Tumor Cell Detection among Leukocytes by Microchip
Yamamura, Shohei National Institute of Advanced Industrial Science and Technology
Yatsushiro, Shouki National Institute of Advanced Industrial Science and Technology
Yamaguchi, Yuka National Institute of Advanced Industrial Science and Technology Tokushima University Educator and Researcher Directory
Abe, Kaori National Institute of Advanced Industrial Science and Technology KAKEN Search Researchers
Shinohara, Yasuo University of Tokushima Tokushima University Educator and Researcher Directory KAKEN Search Researchers
Tamiya, Eiichi Osaka University
Baba, Yoshinobu National Institute of Advanced Industrial Science and Technology|Nagoya University
Kataoka, Masatoshi National Institute of Advanced Industrial Science and Technology
Background: Accurate detection and analysis of circulating tumor cells plays an important role in the diagnosis and treatment of metastatic cancer treatment.
Methods and Findings: A cell microarray chip was used to detect spiked carcinoma cells among leukocytes. The chip, with 20,944 microchambers (105 µm width and 50 µm depth), was made from polystyrene; and the formation of monolayers of leukocytes in the microchambers was observed. Cultured human T lymphoblastoid leukemia (CCRF-CEM) cells were used to examine the potential of the cell microarray chip for the detection of spiked carcinoma cells. A T lymphoblastoid leukemia suspension was dispersed on the chip surface, followed by 15 min standing to allow the leukocytes to settle down into the microchambers. Approximately 29 leukocytes were found in each microchamber when about 600,000 leukocytes in total were dispersed onto a cell microarray chip. Similarly, when leukocytes isolated from human whole blood were used, approximately 89 leukocytes entered each microchamber when about 1,800,000 leukocytes in total were placed onto the cell microarray chip. After washing the chip surface, PE-labeled anti-cytokeratin monoclonal antibody and APC-labeled anti-CD326 (EpCAM) monoclonal antibody solution were dispersed onto the chip surface and allowed to react for 15 min; and then a microarray scanner was employed to detect any fluorescence-positive cells within 20 min. In the experiments using spiked carcinoma cells (NCI-H1650, 0.01 to 0.0001%), accurate detection of carcinoma cells was achieved with PE-labeled anti-cytokeratin monoclonal antibody. Furthermore, verification of carcinoma cells in the microchambers was performed by double staining with the above monoclonal antibodies.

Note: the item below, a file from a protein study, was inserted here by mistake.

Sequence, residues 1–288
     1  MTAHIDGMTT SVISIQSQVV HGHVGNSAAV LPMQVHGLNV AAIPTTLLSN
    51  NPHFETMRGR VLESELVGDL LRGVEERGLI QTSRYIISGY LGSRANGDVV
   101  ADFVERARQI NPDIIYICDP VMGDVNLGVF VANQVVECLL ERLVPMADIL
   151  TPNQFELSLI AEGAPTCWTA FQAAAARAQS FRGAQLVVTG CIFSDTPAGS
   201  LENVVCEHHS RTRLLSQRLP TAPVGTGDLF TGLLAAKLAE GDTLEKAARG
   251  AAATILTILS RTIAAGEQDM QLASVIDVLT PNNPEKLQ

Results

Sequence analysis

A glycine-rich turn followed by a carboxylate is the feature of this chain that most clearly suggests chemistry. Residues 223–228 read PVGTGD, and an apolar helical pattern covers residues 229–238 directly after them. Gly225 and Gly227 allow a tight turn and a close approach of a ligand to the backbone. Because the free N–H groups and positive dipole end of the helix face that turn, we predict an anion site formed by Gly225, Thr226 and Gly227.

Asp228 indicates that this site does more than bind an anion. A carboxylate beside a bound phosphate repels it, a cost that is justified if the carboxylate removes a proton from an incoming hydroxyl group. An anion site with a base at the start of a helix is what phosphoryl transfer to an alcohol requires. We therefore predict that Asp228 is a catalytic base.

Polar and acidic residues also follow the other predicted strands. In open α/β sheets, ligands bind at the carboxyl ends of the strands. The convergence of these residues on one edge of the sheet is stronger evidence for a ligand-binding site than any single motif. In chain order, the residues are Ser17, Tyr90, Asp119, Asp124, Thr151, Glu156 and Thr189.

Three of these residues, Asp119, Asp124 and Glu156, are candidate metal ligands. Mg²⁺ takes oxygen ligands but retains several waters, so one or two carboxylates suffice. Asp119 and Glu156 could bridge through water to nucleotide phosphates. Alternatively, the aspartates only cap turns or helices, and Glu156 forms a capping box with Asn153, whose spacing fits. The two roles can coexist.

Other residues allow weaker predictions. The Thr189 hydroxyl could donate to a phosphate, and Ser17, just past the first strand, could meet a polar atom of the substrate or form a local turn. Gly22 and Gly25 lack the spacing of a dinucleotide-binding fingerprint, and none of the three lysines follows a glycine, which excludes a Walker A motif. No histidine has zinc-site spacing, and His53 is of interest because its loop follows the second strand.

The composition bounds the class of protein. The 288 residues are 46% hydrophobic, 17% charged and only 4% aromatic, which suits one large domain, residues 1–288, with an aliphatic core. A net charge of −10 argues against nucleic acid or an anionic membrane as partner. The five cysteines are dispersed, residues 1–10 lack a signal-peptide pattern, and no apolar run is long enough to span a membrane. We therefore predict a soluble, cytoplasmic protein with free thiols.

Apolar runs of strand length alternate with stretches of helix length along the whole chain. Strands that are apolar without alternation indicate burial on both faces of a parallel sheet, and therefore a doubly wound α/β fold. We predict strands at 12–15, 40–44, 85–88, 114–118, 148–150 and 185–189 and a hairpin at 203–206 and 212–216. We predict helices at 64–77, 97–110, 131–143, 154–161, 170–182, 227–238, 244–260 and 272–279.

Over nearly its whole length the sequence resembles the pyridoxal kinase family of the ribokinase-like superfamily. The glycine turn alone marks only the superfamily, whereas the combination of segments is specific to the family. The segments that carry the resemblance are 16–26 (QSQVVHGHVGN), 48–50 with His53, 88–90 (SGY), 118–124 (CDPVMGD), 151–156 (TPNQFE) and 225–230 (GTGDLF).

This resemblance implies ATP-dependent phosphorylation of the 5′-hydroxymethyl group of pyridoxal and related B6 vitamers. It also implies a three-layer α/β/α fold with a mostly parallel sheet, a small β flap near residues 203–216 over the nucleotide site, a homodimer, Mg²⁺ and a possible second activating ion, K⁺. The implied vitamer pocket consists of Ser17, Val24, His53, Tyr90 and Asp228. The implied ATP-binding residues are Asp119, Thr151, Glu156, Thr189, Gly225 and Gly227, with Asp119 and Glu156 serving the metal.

Conclusion: The potential application of the cell microarray chip for the detection of CTCs was shown, thus demonstrating accurate detection by double staining for cytokeratin and EpCAM at the single carcinoma cell level.
© 2012 Yamamura et al. This is an open-access article distributed under the terms of the Creative Commons Attribution License (https://creativecommons.org/licenses/by/4.0/), which permits unrestricted use, distribution, and reproduction in any medium, provided the original author and source are credited.
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pone_7_3_e32370.pdf 2.74 MB
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